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Laurie Gardner     Laurie Gardner
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Alaska USA Mortgage Company NMLS Unique ID #204060
Phone: (907)796-1202 / fax 907-929-6711
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Year-End Tax Tips:
Maximizing Your Deductions
By Mary Beth Franklin


Year-End Tax Tips: - Maximizing Your Deductions - By Mary Beth Franklin




Last month, our good friends at Kiplinger's Personal Finance magazine shared valuable tax tips to assist investors with maximizing profits. In this month's feature, we turn our attention towards deductions that could save taxpayers a bundle.

The secret to successful year-end planning is to think about taxes two years at a time - '07 and '08. The goal is to reduce the tax you will pay over both years, not just one. This means estimating your income and deductions for each year. Ask yourself, what should fall into '07, what should fall into '08, and what could be available for either?

Three categories of itemized deductions are easiest to juggle to maximize tax benefits: charitable contributions, state and local taxes, and interest expense.

  • Charitable Contributions – These are deducted in the year your check is mailed, not in the year in which you give your promissory note or make a pledge. So you can mail now or mail next year, whichever works best for you.

  • State and local taxes, particularly estimated state income taxes – Accelerate your January payment into December or wait until '08, whichever best fits your needs. Likewise for '08 realty and personal property taxes billed to you this year. Note that state and local taxes aren't deductible if the alternative minimum tax applies.

  • Interest expense – If you want to make your January mortgage payment on your home this year, do not put it off until the last days of December. Allow enough time for the payment to be included on the 1098 form sent to the IRS. Otherwise, you'll have to explain why you deducted more than the amount reported on the 1098.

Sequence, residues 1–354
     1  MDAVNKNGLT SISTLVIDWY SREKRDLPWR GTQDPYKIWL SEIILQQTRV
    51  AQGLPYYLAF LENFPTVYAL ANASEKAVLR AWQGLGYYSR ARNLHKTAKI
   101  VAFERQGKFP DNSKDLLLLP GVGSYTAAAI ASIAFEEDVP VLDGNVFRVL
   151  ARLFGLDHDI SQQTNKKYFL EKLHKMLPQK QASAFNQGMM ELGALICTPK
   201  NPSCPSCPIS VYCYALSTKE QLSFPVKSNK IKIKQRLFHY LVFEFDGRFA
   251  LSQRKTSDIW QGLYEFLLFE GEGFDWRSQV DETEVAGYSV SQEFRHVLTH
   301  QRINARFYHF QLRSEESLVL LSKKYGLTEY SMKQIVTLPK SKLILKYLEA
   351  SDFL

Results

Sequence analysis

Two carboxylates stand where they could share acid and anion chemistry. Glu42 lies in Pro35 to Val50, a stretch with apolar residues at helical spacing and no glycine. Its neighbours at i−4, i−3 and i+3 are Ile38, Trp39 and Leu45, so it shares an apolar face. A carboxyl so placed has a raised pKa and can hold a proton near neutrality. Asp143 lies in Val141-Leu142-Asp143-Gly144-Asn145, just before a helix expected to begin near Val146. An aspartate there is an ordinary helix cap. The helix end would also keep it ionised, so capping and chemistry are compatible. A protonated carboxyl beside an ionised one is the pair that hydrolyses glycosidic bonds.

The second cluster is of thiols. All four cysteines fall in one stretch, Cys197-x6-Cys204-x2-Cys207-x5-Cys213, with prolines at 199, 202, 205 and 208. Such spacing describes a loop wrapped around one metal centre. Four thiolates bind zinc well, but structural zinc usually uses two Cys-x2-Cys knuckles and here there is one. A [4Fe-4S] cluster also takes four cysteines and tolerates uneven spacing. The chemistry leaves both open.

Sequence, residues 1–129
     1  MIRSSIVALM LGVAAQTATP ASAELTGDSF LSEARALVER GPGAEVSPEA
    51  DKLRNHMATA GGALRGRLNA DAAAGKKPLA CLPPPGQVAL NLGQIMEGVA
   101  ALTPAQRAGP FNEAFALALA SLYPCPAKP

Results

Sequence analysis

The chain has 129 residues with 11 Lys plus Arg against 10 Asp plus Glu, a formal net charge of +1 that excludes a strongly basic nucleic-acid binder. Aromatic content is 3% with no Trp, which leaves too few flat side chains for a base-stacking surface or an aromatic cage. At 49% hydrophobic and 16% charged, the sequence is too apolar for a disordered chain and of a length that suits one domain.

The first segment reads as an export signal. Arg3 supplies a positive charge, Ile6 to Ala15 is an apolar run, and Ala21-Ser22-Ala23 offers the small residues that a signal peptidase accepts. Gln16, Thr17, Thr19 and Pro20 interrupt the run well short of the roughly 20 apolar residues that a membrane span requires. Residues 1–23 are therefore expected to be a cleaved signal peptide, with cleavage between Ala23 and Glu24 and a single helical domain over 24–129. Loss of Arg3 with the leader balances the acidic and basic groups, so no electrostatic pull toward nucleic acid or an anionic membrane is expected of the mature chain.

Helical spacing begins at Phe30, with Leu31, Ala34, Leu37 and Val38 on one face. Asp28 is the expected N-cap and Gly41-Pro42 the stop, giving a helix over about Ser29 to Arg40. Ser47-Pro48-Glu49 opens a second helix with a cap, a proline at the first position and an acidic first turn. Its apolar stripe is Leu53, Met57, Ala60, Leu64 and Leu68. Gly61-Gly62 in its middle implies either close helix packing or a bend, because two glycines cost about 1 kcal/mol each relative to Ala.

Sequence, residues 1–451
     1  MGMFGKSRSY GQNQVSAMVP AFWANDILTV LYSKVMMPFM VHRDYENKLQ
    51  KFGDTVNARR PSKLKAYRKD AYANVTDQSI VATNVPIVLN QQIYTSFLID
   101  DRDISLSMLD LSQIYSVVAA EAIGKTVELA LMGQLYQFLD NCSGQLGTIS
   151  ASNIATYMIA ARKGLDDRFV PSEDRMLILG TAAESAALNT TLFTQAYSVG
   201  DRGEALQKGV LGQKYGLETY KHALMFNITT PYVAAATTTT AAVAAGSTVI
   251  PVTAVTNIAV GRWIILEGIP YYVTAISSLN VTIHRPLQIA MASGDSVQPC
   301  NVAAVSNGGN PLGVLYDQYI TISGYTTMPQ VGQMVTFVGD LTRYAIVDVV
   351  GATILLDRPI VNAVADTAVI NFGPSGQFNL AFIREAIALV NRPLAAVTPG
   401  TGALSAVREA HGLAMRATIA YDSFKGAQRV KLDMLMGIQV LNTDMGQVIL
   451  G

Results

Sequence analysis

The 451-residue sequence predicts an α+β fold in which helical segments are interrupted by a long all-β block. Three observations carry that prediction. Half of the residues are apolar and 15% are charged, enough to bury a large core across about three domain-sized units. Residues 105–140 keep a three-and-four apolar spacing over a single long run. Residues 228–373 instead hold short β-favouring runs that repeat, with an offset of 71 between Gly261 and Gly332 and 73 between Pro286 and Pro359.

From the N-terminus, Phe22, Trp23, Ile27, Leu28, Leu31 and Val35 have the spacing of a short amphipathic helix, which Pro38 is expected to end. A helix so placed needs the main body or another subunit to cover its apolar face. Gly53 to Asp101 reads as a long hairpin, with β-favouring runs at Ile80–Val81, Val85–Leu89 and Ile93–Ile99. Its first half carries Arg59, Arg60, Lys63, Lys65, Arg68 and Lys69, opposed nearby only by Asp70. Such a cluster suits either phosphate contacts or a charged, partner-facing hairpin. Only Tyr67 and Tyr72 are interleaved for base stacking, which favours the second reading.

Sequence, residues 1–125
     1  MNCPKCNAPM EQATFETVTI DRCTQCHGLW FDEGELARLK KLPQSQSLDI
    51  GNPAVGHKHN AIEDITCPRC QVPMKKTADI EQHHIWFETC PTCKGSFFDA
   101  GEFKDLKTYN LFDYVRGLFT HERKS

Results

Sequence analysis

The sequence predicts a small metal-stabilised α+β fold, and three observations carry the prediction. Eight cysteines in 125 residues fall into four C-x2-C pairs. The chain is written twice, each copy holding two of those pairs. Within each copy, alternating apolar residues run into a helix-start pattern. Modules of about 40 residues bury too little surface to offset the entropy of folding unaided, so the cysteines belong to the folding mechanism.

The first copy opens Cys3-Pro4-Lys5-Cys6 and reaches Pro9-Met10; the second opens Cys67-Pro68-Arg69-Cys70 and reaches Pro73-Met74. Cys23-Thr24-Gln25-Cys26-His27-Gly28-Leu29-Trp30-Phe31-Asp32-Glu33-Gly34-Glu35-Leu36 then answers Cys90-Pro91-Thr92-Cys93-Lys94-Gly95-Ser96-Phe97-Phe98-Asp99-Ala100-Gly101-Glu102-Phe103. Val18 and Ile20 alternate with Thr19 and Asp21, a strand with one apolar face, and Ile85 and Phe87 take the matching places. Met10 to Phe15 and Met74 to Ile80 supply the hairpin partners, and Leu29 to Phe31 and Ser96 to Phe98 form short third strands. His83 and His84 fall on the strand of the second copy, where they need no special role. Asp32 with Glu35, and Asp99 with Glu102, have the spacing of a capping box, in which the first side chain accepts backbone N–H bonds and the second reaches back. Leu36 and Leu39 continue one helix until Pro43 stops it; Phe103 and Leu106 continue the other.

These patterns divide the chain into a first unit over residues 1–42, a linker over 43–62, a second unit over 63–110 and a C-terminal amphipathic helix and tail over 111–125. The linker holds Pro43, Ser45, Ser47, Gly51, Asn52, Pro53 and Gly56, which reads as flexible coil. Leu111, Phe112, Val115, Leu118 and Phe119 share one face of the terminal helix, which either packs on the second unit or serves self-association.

Other itemized deductions can reduce your tax bill as well. When it comes to medical expenses, only the total exceeding 7.5% of adjusted gross income (AGI) can be deducted. So it pays to pile on the expenses in one year if you are near or have exceeded the limit. For casualty losses, you get no deduction until the uninsured part tops 10% of AGI. Miscellaneous itemized deductions must exceed 2% of AGI before you start taking them. Examples are fees for IRAs, job-hunting costs, tax and investment advice, safety deposit box charges, and unreimbursed employee business expenses.

Itemizers can fully deduct other things as well, such as amortizable bond premiums, impairment-related job expenses of handicapped persons, gambling losses (to extent of winnings) and estate tax on income that heirs inherit from decedents, such as interest on savings bonds and distributions from IRAs.

Taxpayers can flip-flop between itemizing and taking the standard deduction. They can cram itemized deductions into one year and use the standard amount the next. Standard deductions vary by filing status, age, and so on.

Some deductions can be taken whether you itemize or not: alimony, penalties on early withdrawals of deposits from CDs, Keogh contributions, and some student-loan interest. You also get to deduct job-related moving expenses (only travel expenses during the move, excluding meals, and the cost of moving household goods). In addition, don't forget to include health insurance for the self-employed.

One common area for deductions is the individual retirement account (IRA). Many people can deduct $4,000 per year, but be aware that if you or your spouse belong to an employer's plan or if your incomes are above certain levels, you won't be able to deduct the full amount, possibly down to nothing. IRAs offer great flexibility because you can make a pay-in until April 15th, and it will be deductible from your LAST year's taxes

Tax planning can be too daunting for many taxpayers to do on their own. But keep these tips in mind even if you have a professional tax preparer. You'll know what to look and ask for in reviewing your return. And be sure to hold on to your records for at least three years after you file your return. Six years is even better.

Reprinted with permission. All Contents © 2007 The Kiplinger Washington Editors




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